If you want to make my wife, Alex Crawford, angry you might either call her a female reporter or suggest she does not care much about her children. If you want to end it all you could mix a fatal cocktail of the two. Tell her that a woman journalist should not be going to war zones, especially when there are kids back home to cuddle. It would be a swifter end than strychnine.
As she told the Edinburgh Festival on Saturday, the question of parental responsibility is never mentioned in connection with her male counterparts. And they are never called male journalists.
We (I like to consider myself an integral part of the team) now find ourselves on a third tour of duty, in Johannesburg, following deployments in Delhi and Dubai. Yet we have been on the road for only six years.
When Alex first told me she had landed the India job and confirmed we would finally be leaving the white cliffs, I tried not to let her see me gulp. I had enjoyed a fabulous run at The Independent for 20 years and worked with some great people, principally my patient racing editor, John Cobb. But I had seen this look in Alex's eye before. We were off.
There are elements of Alex's character which frighten some people, especially men. But she doesn't scare me – a point I once made to her through a crack in the door. The reality is that she has come to this foreign life late and has no time to waste. In fact, she has very little nonsense time at all. Her job has become a way of life and those who do not demonstrate the same commitment are shown limited tolerance.
The origins of all this come from Alex's upbringing across Africa, and if she has any residual sorrow it is that her hugely supportive parents, Max and Emma, are no longer around to share whatever success she has achieved. Alex's childhood was happy enough that she wants to pass on much of the same to her own offspring. We are always told our kids must be growing up relatively mature and responsible with their global seasoning. If that's true, there must be a lot of young scallywags out there.
Whenever Alex leaves for a story there are always household recriminations among the troops. Frankie, 14, asks why Mum can't have a proper job. Florence, nine, bursts into tears. The worrying roles, however, are quickly reversed. The children drop into their lifestyles and Mummy rings when she can from whichever bad place she happens to be in.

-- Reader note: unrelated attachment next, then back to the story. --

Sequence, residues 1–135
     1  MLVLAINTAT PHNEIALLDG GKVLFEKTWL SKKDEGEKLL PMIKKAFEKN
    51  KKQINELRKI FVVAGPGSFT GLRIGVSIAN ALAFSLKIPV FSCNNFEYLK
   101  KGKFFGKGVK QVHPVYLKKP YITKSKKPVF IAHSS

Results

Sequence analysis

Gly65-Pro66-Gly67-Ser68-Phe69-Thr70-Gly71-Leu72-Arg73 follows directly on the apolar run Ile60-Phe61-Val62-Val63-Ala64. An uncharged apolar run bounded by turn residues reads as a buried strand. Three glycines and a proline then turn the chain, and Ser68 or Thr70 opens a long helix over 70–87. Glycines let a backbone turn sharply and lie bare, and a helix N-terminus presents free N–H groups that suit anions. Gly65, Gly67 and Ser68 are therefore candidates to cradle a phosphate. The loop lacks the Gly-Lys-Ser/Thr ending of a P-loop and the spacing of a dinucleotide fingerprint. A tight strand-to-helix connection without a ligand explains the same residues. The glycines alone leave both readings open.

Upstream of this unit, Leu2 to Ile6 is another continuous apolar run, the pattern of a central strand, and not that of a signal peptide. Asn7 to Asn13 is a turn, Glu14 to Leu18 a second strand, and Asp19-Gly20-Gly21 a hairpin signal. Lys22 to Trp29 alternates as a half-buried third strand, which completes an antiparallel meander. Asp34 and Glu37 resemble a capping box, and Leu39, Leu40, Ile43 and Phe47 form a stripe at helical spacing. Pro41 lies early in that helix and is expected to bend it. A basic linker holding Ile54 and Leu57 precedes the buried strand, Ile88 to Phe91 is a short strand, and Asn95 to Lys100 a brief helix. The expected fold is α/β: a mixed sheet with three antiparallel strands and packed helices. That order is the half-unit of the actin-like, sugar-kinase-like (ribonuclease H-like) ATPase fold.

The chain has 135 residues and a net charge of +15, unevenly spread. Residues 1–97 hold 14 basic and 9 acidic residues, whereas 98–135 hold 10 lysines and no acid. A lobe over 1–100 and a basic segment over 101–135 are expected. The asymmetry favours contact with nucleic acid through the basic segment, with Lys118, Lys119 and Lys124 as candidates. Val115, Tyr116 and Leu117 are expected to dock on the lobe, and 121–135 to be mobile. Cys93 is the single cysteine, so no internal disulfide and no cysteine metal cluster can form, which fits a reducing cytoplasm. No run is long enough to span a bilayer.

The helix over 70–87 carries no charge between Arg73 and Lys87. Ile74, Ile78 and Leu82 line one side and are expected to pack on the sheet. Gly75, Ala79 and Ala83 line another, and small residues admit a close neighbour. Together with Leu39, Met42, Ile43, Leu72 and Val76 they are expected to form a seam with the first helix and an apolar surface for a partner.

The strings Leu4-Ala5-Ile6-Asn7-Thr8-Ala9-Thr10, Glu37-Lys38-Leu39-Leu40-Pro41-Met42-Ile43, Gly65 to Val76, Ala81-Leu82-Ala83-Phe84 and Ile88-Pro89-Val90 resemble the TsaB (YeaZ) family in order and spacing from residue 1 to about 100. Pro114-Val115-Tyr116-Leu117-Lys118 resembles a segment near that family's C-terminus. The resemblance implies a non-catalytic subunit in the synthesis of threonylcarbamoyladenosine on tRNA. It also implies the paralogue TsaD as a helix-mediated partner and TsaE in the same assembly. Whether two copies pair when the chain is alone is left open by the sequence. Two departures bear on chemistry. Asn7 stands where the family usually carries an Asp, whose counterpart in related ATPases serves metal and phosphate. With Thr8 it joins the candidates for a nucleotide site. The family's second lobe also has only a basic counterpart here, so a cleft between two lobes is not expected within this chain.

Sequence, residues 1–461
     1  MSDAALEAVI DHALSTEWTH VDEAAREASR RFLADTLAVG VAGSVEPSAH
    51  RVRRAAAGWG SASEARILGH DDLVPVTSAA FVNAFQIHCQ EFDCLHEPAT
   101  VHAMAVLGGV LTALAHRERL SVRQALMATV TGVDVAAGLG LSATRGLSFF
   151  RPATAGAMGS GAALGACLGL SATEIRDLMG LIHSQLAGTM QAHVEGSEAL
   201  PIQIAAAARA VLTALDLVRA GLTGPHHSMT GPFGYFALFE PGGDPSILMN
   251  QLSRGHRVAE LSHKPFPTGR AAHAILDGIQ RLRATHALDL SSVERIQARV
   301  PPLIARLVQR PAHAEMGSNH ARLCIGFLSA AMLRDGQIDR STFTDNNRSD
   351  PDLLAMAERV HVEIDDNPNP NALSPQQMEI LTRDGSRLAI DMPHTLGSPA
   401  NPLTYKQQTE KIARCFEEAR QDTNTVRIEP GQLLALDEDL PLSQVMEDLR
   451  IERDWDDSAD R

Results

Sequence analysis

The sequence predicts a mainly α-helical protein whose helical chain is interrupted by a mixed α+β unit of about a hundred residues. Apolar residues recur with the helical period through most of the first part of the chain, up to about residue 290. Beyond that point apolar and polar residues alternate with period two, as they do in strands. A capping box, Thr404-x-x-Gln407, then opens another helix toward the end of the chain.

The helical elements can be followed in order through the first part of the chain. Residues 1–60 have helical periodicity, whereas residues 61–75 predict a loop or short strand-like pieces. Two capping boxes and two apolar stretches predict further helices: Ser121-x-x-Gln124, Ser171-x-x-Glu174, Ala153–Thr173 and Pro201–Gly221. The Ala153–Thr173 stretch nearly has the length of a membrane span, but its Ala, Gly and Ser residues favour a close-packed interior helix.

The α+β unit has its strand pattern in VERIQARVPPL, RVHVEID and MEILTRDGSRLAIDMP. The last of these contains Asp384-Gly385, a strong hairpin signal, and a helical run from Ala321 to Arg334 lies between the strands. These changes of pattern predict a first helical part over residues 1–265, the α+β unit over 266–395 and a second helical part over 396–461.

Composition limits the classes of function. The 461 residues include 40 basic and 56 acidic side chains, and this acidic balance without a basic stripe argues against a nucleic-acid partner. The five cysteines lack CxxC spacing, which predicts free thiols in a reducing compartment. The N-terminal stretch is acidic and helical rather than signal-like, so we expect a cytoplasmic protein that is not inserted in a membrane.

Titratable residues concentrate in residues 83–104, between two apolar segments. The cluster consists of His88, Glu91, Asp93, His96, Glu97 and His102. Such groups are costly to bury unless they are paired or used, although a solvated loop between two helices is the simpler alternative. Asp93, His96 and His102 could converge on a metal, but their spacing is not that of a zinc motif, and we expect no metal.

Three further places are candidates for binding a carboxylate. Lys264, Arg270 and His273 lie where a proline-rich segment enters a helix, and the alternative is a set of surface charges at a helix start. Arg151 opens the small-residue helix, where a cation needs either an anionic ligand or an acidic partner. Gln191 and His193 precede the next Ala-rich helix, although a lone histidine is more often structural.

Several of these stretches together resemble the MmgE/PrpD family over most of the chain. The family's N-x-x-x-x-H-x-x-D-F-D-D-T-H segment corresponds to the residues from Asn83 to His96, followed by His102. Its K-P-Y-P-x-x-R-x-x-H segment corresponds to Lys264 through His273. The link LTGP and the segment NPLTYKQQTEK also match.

"How are you, my little darling baby?" she asks. "What?" a little voice replies. "I can't talk because Hannah Montana is coming back on."
I, of course, take a bit more of an interest. I never issue outgoing telephone fire from home. (I always, shrewdly, assume Alex has more to worry about than where the instructions for the Dyson are.) But I delight in the incoming. It's not always that agreeable to hear your wife's voice, but when she's been out of contact in hell's kitchen for a week, it is always sweet comfort. I never know whom I'm most relieved for. When a coming-home date is revealed, we all scramble. The house is tidied, the florist gets an unexpected visit and rudimentary "Welcome Home" signs are made. As Alex touches down after a stinking fortnight in a war zone she is at her hygienic worst. We, on the other hand, are always at our fragrant best.
We, nevertheless, hug this vaguely familiar beast plopped back into our lives. Frankie resumes the psychological warfare. And Flo cries again.
It is a blissful time, tempered only slightly by the fact that the whole cycle is soon to be repeated. A cycle that may be unique to us, but essentially the same as any other family with working parents.
When Alex returns – as she does tomorrow morning – it will be on the back of another traumatic visit to Libya. She has fought to get her message out and fought those who tried to pigeonhole her as a woman, wife and mother. Only one supreme challenge remains: the swaying pile of dirty crockery that has built up over the past two weeks.